September 23, 2020

Priya fights for Dudus assets

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Priya Levers

Local lawyers for Christopher “Dudus” Coke will ask the Jamaican court to return to his family, tens of thousands of dollars in assets seized in the wake of his 2010 extradition.

Mr Coke agreed to a plea bargain last week in New York, accepting a series of lesser charges in exchange for serving a substantial sentence and foregoing a costly trial on drugs and firearms charges.

In the wake of the bargain, lawyers will seek restoration of houses, cars and land confiscated previously by the Kingston government.

”The local lawyers will apply for a return of assets to the family,” said Dudus’ legal consultant and former Cayman Grand Court Justice Priya Levers.

“They seized a lot from the family: houses cars and land,” she said, explaining her ongoing role in the case alongside Jamaican attorneys Chukwuemeka Cameron and Carolyn Reid.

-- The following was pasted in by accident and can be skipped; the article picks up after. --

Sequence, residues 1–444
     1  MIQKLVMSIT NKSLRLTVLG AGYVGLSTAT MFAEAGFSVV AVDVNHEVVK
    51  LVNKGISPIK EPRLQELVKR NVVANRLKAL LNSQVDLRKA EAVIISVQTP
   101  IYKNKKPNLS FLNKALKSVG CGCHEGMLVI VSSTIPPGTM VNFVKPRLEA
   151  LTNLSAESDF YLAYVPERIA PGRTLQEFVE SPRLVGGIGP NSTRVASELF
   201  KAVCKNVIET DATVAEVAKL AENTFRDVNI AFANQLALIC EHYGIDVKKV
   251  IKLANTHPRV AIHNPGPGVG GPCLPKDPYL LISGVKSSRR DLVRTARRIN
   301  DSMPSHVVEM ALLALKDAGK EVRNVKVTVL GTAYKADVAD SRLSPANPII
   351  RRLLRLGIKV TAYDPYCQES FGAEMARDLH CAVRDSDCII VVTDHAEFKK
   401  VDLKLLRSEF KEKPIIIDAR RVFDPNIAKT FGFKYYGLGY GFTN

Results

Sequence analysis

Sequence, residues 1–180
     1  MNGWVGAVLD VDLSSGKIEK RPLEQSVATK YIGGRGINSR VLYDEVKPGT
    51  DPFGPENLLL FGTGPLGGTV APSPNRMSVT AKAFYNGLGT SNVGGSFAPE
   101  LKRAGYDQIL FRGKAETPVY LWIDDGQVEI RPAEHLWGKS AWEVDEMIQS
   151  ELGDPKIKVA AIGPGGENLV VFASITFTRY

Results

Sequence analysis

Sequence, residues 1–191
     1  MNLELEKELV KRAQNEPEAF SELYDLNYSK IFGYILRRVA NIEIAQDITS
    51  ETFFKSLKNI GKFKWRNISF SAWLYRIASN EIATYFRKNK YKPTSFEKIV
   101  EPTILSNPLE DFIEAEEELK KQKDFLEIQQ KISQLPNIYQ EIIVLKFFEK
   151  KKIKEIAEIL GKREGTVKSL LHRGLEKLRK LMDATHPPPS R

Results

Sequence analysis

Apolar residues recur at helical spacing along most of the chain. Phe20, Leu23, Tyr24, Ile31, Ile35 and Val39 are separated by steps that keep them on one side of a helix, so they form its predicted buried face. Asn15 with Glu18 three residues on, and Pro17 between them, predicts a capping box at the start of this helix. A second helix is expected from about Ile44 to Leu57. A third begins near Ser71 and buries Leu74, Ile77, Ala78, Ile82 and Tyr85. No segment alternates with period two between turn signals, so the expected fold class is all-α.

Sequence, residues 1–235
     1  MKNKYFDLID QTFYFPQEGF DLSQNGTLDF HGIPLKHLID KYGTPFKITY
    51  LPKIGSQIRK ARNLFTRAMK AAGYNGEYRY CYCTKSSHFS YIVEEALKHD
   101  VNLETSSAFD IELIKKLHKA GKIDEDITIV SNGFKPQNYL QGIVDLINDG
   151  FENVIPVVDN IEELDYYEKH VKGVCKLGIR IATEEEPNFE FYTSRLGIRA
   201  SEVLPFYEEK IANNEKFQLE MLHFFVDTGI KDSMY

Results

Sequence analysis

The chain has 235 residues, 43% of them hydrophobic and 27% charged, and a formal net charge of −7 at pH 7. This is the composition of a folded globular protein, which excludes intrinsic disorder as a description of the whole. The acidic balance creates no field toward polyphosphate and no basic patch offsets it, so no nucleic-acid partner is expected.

The Jamiacian duo were crucial in the Kingston Supreme Court’s recent decision, forcing police to turn over to Mr Coke’s defence team the contents of years of illegally obtained wiretap evidence.

The team is led by New York attorney Stephen Rosen, who, Ms Levers said, arranged the plea bargain after prolonged negotiations in Manhattan’s Southern District Court.

Mr Rosen had earlier failed to persuade the New York court to throw out the Jamaican wiretap, meaning Mr Coke faced not only damning police evidence, but also the testimony of 12 convicts from his Tivoili Gardens neighbourhood in Kingston. The dozen witnesses were set to describe a series of murders committed by Mr Coke in aid of his illicit activities.

“The prosecution cooperated in negotiating a plea,” Ms Levers said, after sharing documents with the defence.  “Mr Rosen appeared in court and did a brilliant job.”

Christopher “Dudus” Coke

She said the deal meant that Mr Coke lodged guilty pleas for racketeering, conspiracy to commit assault and two other minor charges.

“I have to say that I had nothing to do with the plea, but it was a wonderful outcome in the sense that the maximum sentence is about 22 years, which is pretty good for one of the most high-profile cases we have seen,” she said.

Mr Coke would no longer go to trial on 12 September, but instead attend a sentencing hearing on 8 December, she said.

“My role is steady, and I continue to advise on the law with the local lawyers,” Ms Levers said. “I am still on the case.”

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